Canfield City Council opened 2012 with their organizational meeting on Wednesday, Jan. 4. Prior to the meeting, councilmen Steve Rogers and John Morvay were sworn in by Judge Scott Hunter.
Councilman Dan Frazzini was appointed to the role of president of council for the coming year. Past President Andy Skrobola said it was time for a younger person to take the helm.
Under public comment, resident Frank Micchia addressed council with six suggestions. He mentioned council should work toward revealing more of the city's business during the meetings, becoming quicker at posting the minutes following a meeting, placing more focus on flooding issues, providing better enforcement of property maintenance violations, and dealing with speeding on city streets and littering. He told council these are challenges he suggests they consider.
Photo by J.T. Whitehouse. Town Crier
Judge Scott Hunter swears in Canfield City Council’s newly elected Councilman John Morvay prior to the start of the regular city council meeting on Jan. 4. Morvay made the swearing in after attending the funeral of his father William John Morvay, who passed away Sunday, Jan. 1. Morvay read a tribute to his father during council comments.
Councilman Andy Skrobola told Micchia regarding more transparency at meetings, that council receives the ordinances at least three days in advance of the meetings. They review them and are prepared when the meeting takes place.
"When we come to the council meeting, we don't have to spend time looking at ordinances for the first time," he told Micchia. "There have been ordinances defeated and changed from time to time. Nothing is done to deceive anyone. Ordinances are posted at City Hall for anyone to read."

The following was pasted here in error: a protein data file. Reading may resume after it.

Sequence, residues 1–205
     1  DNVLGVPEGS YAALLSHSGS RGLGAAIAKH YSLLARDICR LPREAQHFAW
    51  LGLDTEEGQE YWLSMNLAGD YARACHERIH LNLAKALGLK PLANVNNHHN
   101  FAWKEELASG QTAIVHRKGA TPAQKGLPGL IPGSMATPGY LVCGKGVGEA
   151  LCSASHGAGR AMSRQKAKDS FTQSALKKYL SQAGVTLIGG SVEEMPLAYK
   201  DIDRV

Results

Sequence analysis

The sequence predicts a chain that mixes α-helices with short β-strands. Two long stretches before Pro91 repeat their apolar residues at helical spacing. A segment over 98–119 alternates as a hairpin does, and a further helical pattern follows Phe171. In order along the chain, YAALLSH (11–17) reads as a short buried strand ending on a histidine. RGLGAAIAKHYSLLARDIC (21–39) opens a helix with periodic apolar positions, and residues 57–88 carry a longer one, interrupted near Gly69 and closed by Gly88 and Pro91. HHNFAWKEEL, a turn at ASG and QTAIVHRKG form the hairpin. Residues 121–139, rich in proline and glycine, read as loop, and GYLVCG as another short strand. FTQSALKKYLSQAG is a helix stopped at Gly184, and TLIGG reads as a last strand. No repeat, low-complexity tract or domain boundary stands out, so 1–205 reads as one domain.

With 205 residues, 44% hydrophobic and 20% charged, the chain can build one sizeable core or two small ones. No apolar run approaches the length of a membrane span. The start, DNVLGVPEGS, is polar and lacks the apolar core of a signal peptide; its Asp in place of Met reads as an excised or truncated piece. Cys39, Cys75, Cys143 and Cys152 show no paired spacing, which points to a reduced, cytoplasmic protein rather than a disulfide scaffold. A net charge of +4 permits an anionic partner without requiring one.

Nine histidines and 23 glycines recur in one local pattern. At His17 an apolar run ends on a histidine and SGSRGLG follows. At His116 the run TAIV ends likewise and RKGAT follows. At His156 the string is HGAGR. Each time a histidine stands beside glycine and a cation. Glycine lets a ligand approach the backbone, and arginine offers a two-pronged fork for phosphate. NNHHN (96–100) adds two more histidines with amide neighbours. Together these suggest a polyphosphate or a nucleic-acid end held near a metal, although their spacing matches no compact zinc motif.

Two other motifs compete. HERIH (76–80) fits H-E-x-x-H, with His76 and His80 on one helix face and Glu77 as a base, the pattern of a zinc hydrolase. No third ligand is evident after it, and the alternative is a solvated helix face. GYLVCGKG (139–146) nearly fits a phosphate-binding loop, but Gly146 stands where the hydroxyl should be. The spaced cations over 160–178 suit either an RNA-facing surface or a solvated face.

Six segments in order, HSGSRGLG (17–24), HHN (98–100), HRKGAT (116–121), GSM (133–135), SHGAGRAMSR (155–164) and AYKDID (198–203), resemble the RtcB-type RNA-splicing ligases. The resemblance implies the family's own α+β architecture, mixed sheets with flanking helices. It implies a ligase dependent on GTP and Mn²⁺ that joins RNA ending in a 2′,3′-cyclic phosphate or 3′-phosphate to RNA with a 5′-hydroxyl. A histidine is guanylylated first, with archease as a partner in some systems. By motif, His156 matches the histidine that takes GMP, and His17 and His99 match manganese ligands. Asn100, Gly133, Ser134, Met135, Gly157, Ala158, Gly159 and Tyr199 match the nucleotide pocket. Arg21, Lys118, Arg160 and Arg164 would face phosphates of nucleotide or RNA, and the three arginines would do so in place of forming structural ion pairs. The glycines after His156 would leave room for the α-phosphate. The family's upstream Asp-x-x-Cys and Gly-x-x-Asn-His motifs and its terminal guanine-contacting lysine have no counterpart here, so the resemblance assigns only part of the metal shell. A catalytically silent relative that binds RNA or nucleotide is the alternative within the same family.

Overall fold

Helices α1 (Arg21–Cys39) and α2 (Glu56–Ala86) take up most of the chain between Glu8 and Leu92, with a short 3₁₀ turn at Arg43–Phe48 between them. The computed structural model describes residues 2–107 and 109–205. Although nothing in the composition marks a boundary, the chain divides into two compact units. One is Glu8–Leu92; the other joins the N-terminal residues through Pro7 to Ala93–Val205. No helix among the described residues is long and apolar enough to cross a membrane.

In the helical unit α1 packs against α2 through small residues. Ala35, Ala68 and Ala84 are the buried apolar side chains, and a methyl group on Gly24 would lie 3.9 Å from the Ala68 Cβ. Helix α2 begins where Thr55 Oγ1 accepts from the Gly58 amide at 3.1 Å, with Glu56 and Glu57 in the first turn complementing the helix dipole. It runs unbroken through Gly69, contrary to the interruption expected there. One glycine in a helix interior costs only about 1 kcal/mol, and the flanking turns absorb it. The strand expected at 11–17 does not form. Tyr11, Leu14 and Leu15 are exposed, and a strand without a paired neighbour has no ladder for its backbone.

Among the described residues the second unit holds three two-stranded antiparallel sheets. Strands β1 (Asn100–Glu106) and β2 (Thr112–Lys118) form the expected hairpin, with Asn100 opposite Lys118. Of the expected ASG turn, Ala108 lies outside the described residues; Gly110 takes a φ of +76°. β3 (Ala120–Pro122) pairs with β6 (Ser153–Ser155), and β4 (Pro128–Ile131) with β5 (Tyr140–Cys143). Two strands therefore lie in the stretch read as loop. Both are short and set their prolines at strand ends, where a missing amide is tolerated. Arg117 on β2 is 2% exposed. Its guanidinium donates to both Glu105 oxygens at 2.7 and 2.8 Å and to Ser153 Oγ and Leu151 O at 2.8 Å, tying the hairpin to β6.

On the traffic situation, Micchia said increased traffic patrols are not working and he again brought up traffic calming devices such as speed humps. Mayor William Kay responded to the issue.
"When I am convinced the Canfield Police Department can't control the traffic, I'll consider speed humps," Kay said. "So far, I have only found two [residents] in the entire city in favor of them."
Regarding the flooding issues, Micchia asked council to prioritize the flooding issues and make a public plan to fix them. In answer to his comments city attorney Mark Fortunato spoke on record saying the city, since 2004, has spent $8 million on storm water management.
Steve Easton also addressed council on the concept of a detention pond near the high school to ease flooding in that area. He asked for an update and City Manager Joe Warino said the city has to wait for the February budget hearings to see which direction to go from there. He said further talks with the school would have to take place once a project plan has been put together, which will have to wait until the hearings.
In other business:
Mayor Kay reported a net income from Mayors Court at $1,792.67 for December. He said the low amount is because there was only one session held that month. He did report that the collection agency working on delinquent fines has collected more than $4,000 at no cost to the city.
City Engineer Gary Diorio reported he had met with the contractor on the North Broad Street Safety Upgrade project. He said a time line will be established and presented to the utility companies so they can be on the same page. "We want to get things rolling," Diorio said.
Council made the following appointments: to Planning and Zoning Commission, Pamela Kloss; to Design Review Committee, William Scott Fowler, Steve Rogers, and Richard Dieter; to Civil Service Commission, Douglas Toot; to Parks, Recreation, and Cemetery Board, Mark Eddy and Marleen Belfiore; to Income Tax Review Board, Charles H. Tieche; and to Cardinal Joint Fire District Board, Andrew Skrobola and Michael Clayton.